Health Minister Zweli Mkhize failed to appear before the portfolio committee on health on Friday, where he was expected to respond to allegations of his department’s involvement in an alleged irregular Digital Vibes contract totalling R150-million.
On Thursday, Democratic Alliance MP Siviwe Gwarube laid criminal charges against Mkhize at the Cape Town Central police station. She has also laid charges of contravening the Public Finance Management Act against the health department’s director general, Sandile Buthelezi.
This follows allegations that Mkhize’s family may have benefitted from the irregular Digital Vibes contract.
Chairperson Sibongiseni Dhlomo told the health portfolio committee that Mkhize was “legally” advised not to appear before the committee as this matter is now sub judice.
“The minister is unable to be here as advised by his lawyers, because of the ongoing investigation in the department of health,” said Dhlomo.
ANC MP Tshilidzi Munyai said it was the view of the party that Mkhize should not appear before the committee.
“The minister or ministry cannot come here and report on a matter that has not been ruled on. This could be used against him in a court of law. That is the view of the ANC,” said Munyai.
Mkhize sent Buthelezi to appear before the committee. Buthelezi told the committee that he could not provide finer details about the investigation because the Special Investigating Unit (SIU) is still finalising its report.
“The matter is now with law enforcement agencies. I am also somehow implicated in the case that was opened yesterday [by the DA]. I can confirm that, however, the forensic teams that we employed as the department have come up with evidence that is now sitting with the SIU. They are the only ones who can act on that evidence,” said Buthelezi.
“So the forensic reports are not final until the SIU has decided on them. We will wait for the SIU to finish their final report; they are still finalising other aspects. We are sure of one thing, that is the awarding of the contract to Digital Vibes was irregular,” he added.
MPs from opposition parties said Mkhize and his department were using the sub judice stance as an excuse because this issue is not in any court of law.
Economic Freedom Fighters’ Suzan Thembekwayo said, “I am very disappointed because the DG [director general] didn’t tell us anything we were expecting to hear today. I expected him to say ‘in the meantime Minister Mkhize is writing a resignation letter’. This was a waste of time, because clearly he doesn’t want to be accountable.”
The Mail & Guardian reported on Friday that Mkhize is preparing to resign from office because the SIU’s probe is underway. A preliminary brief from the SIU is expected to be handed over to President Cyril Ramaphosa. Mkhize is expected to resign in the next two weeks, a source close to the investigation told the M&G.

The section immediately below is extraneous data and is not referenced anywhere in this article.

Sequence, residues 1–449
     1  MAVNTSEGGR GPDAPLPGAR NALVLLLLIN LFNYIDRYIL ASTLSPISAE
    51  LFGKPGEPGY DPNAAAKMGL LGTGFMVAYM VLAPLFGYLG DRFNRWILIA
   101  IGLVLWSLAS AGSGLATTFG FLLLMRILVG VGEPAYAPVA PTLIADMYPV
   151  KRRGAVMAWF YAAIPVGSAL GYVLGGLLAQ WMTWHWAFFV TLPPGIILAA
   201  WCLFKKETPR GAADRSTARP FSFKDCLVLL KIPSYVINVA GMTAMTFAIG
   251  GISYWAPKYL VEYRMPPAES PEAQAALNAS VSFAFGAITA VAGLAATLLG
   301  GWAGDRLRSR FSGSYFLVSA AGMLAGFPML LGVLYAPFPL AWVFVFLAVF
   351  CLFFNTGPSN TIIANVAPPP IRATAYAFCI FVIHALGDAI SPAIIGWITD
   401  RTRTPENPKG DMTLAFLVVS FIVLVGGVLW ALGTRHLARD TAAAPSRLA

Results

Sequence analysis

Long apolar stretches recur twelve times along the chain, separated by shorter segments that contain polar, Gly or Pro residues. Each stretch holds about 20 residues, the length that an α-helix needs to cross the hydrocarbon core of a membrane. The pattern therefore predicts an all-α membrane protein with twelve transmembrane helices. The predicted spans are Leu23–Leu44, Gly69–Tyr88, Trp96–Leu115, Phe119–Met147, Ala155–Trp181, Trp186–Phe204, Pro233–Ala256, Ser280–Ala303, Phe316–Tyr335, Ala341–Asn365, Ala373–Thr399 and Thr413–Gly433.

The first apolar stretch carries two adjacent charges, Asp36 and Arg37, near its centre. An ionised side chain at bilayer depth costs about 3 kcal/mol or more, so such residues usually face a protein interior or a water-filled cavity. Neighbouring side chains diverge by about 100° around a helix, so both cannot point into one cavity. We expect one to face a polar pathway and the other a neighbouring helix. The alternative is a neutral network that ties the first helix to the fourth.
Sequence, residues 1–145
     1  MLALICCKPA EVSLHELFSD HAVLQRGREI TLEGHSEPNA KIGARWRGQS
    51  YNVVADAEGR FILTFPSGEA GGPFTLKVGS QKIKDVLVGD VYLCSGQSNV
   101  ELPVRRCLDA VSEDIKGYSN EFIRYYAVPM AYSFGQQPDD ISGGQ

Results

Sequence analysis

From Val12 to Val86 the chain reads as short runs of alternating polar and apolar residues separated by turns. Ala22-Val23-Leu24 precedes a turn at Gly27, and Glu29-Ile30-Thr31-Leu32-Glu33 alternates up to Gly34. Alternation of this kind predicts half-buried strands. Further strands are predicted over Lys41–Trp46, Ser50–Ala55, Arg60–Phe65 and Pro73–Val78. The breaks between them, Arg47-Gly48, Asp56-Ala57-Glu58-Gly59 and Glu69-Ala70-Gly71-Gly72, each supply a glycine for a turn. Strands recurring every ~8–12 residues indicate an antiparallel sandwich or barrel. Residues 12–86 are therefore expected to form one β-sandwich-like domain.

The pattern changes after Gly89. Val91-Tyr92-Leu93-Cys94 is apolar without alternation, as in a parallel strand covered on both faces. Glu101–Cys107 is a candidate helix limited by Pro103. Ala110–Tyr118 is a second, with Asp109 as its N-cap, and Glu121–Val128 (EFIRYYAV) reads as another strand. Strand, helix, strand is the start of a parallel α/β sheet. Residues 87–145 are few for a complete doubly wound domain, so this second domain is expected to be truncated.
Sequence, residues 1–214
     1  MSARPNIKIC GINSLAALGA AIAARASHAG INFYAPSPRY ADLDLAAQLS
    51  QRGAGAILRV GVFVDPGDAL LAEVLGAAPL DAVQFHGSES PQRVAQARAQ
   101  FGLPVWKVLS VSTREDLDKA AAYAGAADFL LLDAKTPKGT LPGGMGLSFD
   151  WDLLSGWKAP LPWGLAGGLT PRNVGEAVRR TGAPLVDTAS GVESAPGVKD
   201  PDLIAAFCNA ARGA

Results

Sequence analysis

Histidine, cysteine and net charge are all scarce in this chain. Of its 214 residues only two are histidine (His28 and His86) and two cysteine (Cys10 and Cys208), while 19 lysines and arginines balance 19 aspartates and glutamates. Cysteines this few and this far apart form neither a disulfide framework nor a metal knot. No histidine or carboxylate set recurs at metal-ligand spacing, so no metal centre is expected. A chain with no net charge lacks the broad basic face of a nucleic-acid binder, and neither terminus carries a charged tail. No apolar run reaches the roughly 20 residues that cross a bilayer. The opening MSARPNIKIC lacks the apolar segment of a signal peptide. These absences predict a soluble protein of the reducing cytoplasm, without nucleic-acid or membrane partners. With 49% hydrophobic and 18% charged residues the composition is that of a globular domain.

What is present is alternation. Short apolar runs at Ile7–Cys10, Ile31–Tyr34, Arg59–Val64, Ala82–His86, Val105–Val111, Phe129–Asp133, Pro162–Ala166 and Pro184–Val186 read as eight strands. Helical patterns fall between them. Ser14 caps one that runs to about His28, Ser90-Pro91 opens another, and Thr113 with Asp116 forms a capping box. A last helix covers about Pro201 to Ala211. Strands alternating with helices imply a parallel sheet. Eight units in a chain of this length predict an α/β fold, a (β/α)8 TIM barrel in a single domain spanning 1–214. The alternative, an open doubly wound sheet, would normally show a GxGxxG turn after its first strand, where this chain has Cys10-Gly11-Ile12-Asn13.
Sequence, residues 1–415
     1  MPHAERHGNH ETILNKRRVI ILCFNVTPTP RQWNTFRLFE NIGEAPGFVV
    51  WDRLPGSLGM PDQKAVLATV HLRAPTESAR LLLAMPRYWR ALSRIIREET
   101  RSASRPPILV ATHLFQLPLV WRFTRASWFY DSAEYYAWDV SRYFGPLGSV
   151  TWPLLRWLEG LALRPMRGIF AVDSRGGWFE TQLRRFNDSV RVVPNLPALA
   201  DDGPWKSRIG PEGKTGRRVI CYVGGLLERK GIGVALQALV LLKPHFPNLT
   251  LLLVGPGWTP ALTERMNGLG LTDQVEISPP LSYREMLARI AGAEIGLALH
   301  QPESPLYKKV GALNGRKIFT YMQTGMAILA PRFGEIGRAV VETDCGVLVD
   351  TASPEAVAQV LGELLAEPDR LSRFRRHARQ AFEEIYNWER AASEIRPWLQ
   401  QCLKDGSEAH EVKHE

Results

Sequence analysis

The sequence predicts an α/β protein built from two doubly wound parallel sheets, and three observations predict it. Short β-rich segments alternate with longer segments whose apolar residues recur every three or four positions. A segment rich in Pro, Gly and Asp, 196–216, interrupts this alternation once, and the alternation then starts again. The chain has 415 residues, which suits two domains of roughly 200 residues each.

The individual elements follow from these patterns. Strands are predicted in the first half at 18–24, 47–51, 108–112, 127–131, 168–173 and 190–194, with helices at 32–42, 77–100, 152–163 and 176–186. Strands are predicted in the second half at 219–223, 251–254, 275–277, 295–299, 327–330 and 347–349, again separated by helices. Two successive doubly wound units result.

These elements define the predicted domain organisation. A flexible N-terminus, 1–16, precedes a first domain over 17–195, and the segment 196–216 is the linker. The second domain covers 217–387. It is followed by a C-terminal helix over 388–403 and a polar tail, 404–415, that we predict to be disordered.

Gwarube said there was no reason that the case opened yesterday could be used as an excuse for Mkhize not to account before the portfolio committee.
“We cannot change the principles because now Minister Mkhize is involved. He is accountable to this committee, and now the ANC is protecting its minister because he is in a dungeon. This matter is not sub judice because it is not in front of any court, it is still under the SIU,” said Gwarube.
Dhlomo concluded by noting the meeting was not a waste of time and that he would discuss the matter with the portfolio committee’s legal team.
Digital Vibes was declared to parliament in 2019
Following a question by Adriaan van Staden, of the Freedom Front Plus, to the health minister in June last year, Mkhize said no tenders during the Covid-19 pandemic were awarded, but that “deviations were made from standards of supply chain management” for “goods and services”.
In the list provided to parliament, Digital Vibes was awarded R35 906 450 for the health department’s Covid-19 “communication strategy” and another R2 104 500 to hold media interviews.
Then in December last year DA MP Evelyn Wilson asked the health minister to provide particulars of its contract with Digital Vibes.
The minister responded, saying “the department maintains that the transaction in question was not irregular as there was a contract already in place”.
Parliament was told that Digital Vibes was appointed on 15 November 2019 after a closed tender process was followed. The company was to provide “communication services in relation to the National Health Insurance bill”.
In March 2020, before the national state of disaster was announced, Digital Vibes’ contract was extended to the end of November 2020.
But, because of “logistical arrangements”, the contract was again extended on a month-to-month basis until 31 March this year, during which a “procurement process to appoint a new service provider” would take place, the minister told parliament at the time.
By December last year, Digital Vibes had cost the government more than R82-million.